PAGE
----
Blindly, numbly, after clumsily but quickly pulling on clothes-some jeans, a T-shirt, and shoes-she stumbled down the stairs, her hair wet, her body still damp under her clothing, carrying a little gym bag with the few things she had managed to gather and stuff inside: more T-shirts, a denim jacket, panties, socks, her purse with two hundred pesos. They would be on their way to the apartment already, Güero had warned her. They'd go to see what they could find. And he did not want them to find her.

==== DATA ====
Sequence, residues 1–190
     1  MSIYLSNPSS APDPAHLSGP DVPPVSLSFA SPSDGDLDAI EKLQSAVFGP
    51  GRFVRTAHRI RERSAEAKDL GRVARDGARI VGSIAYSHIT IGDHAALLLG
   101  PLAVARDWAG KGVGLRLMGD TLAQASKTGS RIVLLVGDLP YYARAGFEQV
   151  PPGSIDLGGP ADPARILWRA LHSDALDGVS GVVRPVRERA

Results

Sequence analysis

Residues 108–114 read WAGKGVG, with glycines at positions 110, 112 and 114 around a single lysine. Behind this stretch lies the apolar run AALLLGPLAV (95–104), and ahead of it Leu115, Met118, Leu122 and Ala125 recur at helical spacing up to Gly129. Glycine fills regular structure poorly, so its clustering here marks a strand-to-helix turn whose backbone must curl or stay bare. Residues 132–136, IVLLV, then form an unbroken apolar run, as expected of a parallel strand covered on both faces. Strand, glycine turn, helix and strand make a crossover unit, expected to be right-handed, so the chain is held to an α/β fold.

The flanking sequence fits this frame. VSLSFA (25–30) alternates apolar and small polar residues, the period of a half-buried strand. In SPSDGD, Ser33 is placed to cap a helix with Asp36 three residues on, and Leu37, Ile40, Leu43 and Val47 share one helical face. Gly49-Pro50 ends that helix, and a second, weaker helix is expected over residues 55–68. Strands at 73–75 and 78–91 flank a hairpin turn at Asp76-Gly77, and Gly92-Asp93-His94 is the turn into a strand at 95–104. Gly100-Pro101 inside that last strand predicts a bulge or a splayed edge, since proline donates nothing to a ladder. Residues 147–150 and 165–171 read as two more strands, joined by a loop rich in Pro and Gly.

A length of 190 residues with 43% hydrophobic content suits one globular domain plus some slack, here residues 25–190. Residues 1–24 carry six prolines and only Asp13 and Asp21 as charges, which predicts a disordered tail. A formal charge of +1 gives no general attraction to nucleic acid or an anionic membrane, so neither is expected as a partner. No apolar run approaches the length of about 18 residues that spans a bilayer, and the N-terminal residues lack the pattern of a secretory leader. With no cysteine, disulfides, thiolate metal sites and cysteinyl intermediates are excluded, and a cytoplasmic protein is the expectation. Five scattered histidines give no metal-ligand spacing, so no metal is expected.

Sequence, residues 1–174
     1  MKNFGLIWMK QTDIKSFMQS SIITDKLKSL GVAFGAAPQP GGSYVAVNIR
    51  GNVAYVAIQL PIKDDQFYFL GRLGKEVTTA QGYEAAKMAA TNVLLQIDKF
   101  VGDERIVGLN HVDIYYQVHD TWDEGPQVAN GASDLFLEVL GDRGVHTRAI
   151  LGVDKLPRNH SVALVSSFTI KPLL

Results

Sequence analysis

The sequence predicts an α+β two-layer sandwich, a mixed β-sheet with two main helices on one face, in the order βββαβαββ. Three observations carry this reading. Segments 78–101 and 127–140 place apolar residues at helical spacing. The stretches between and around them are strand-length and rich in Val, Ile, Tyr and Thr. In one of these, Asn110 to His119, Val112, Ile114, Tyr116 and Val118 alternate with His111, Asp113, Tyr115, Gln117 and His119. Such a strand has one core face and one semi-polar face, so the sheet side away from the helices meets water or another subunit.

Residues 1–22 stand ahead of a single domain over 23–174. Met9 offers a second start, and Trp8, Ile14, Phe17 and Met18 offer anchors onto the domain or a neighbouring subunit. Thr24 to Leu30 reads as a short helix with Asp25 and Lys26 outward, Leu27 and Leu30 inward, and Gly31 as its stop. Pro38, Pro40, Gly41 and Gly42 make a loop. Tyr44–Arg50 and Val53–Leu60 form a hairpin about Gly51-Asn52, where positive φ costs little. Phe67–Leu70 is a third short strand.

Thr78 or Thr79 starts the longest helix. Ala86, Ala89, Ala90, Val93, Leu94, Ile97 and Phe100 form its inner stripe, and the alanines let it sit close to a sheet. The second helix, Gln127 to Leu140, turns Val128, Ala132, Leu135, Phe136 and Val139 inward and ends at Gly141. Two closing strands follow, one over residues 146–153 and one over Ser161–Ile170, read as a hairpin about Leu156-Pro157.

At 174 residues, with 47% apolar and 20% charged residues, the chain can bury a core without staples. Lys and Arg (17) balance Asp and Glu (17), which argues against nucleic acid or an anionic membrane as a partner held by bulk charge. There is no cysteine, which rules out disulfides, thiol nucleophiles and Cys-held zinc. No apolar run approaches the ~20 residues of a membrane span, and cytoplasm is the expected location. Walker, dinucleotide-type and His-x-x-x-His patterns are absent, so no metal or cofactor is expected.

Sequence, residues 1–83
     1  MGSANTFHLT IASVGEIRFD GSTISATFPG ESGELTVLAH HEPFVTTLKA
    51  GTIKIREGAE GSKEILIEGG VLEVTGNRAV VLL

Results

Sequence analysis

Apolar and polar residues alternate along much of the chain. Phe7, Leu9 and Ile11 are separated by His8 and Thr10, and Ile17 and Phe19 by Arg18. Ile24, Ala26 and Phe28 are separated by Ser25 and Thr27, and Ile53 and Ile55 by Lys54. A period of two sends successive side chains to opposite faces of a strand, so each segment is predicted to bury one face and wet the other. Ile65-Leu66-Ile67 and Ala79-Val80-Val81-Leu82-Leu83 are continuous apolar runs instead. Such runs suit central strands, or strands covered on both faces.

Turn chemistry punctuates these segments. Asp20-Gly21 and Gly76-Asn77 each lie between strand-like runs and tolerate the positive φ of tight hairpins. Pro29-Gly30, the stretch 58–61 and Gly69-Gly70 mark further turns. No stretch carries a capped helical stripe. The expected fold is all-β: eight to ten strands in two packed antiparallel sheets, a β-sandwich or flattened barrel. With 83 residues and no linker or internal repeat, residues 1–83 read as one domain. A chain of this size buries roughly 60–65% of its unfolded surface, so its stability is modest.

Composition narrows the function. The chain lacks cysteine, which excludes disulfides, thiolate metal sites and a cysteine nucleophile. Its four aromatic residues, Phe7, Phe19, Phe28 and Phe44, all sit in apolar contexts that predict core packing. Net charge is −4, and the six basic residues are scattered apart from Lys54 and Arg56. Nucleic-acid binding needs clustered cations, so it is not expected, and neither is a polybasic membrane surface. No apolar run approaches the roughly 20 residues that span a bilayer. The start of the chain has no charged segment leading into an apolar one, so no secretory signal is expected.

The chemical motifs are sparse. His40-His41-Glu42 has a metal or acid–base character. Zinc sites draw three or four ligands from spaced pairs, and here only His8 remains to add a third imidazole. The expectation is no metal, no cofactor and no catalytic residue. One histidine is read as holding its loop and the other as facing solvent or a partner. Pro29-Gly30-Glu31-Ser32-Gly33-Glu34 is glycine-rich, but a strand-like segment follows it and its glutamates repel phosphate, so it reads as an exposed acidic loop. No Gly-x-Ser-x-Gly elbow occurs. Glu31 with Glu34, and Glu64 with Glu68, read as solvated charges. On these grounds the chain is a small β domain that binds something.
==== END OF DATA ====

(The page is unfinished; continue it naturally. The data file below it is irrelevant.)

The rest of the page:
Before she stepped outside the gate, she paused and looked out, up and down the street, indecisively, with the instinctive caution of the prey that catches the scent of the hunter and his dogs nearby. Before her lay the complex urban topography of a hostile territory. Colonia las Quintas: broad streets, discreet, comfortable houses with bougainvillea everywhere and good cars parked in front. A long way from the miserable barrio of Las Siete Gotas, she thought. And suddenly, the lady in the drugstore across the street, the old man in the corner grocery where she had shopped for the last two years, the bank guard with his blue uniform and twelve-gauge double-barreled shotgun on his shoulder-the very guard who would always smile, or actually, leer, at her when she passed-now looked dangerous to her, ready to pounce. There won't be any more friends anymore, Güero had said offhandedly, with that lazy smile of his that she sometimes loved, and other times hated with all her heart. The day the telephone rings and you take off running, you'll be alone, prietita. And I won't be around to help.